There are numerous challenges when determining patient satisfaction, not just in a hospital or doctor clinic environment, but also through home care services. That’s because various factors need to be taken into account when measuring these variables.
Some of the variables that could be crucial to understanding how clients of home health care services may be viewing the care and support they receive can include their mental health, whether they are dealing with depression, the types of medications they may be taking, socio-demographic information, and much more.
A recent research study conducted by Chen, Tilford, et al, found that satisfaction measurements and ratings can be directly impacted by external factors that have nothing to do with the actual services or quality of those services provided.
According to notes from an abstract published by The American Journal of Managed Care, in the research summary, CMS HCC Risk Scores and Home Health Patient Experience Measures, conducted by Hsueh-Fen Chen, PhD; J. Mick Tilford, PhD; Fei Wan, PhD; and Robert Schuldt, MA:
“Evidence from surveys for health plans, hospitals, community health centers, and primary care physicians shows that several factors affecting patient experience are beyond health providers’ control. The most common factors are patient sociodemographics, self-reported health status, depression, survey language, mode of survey (eg, mail or telephone interview), and whether the survey was completely by a proxy. Other studies focusing on hospital care found that patients with high severity of illness and complicated conditions were likely to have lower ratings of patient experience than their counterparts. They concluded that risk factors used in patient experience for hospital care insufficiently adjusted for clinical conditions that affected patient experience ratings.”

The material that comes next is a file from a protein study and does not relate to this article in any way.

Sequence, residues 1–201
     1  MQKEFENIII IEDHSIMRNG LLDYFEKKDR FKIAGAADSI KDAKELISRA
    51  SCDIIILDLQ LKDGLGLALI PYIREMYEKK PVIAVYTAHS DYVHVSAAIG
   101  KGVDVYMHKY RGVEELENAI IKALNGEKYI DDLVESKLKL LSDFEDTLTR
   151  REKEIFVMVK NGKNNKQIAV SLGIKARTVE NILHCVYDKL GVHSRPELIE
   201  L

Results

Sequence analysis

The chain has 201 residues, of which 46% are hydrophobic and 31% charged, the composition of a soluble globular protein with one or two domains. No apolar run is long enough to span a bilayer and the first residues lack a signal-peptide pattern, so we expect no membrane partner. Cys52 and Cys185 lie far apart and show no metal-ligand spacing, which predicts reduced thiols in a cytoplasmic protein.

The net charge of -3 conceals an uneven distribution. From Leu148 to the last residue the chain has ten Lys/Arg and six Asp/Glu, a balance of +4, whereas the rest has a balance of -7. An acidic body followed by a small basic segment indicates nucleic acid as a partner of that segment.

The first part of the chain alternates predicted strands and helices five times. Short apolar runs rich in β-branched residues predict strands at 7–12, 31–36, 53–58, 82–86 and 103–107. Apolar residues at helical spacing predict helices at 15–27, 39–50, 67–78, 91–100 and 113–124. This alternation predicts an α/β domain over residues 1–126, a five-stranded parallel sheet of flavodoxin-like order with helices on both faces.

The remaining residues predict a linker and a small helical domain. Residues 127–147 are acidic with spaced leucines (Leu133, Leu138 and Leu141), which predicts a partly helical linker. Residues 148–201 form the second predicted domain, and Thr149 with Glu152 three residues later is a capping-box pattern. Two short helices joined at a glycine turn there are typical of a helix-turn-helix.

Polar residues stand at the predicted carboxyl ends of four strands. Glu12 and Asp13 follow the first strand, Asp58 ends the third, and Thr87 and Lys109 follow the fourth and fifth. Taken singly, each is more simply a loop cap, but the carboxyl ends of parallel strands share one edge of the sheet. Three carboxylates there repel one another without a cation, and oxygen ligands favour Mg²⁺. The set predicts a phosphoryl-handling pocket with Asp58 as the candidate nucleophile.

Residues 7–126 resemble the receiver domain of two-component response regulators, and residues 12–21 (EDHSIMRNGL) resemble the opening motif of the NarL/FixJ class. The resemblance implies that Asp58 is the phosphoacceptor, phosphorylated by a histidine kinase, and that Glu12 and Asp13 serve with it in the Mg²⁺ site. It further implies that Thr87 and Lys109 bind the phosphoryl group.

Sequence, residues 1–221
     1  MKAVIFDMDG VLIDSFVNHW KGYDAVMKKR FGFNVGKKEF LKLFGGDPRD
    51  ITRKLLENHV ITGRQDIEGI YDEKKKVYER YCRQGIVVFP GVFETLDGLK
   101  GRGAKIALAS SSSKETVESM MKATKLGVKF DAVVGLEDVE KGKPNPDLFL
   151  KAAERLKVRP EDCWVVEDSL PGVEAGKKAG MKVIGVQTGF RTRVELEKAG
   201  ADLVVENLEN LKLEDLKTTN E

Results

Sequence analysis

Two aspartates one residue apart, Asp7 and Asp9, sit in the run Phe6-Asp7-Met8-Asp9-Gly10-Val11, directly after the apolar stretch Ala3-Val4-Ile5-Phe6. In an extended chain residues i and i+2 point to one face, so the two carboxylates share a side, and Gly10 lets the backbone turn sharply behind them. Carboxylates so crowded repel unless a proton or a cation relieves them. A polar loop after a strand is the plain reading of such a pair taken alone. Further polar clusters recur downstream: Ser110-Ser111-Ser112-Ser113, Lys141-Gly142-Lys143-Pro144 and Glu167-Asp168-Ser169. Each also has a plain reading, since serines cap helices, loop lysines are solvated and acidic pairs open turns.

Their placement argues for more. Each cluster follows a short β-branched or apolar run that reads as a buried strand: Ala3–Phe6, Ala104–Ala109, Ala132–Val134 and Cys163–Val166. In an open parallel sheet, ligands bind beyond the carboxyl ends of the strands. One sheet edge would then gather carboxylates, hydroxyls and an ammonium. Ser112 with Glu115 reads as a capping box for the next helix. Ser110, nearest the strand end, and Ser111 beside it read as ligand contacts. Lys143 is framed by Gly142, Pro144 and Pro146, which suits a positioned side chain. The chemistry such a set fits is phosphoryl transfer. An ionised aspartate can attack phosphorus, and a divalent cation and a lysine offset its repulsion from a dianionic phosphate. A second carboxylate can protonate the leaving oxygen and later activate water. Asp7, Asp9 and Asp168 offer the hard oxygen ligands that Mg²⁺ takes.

Sometimes, it becomes far too easy for agencies and other organizations to make assumptions based on baseline surveys and simple questions about the quality or perceived satisfaction in home care support services. CMS Hierarchical Condition Categories (CMS HCC) attempts to provide risk assessments and patient experience measurements for home health services.
Some of the findings produced by CMS HCC may not align with other rating programs, such as the Home Health Compare program. That may be due to the types of questions on the surveys, the surveys themselves, the cultural or sociodemographic background of the client surveyed, and much more.
There can be numerous challenges in determining satisfaction and how these services are received and viewed. Age and education level, self-reporting, whether patients live alone, mental or emotional challenges, English or non-English speaking clients, whether the survey was completed by a proxy or not, and other factors can all have an influence on the end results, according to this research study.
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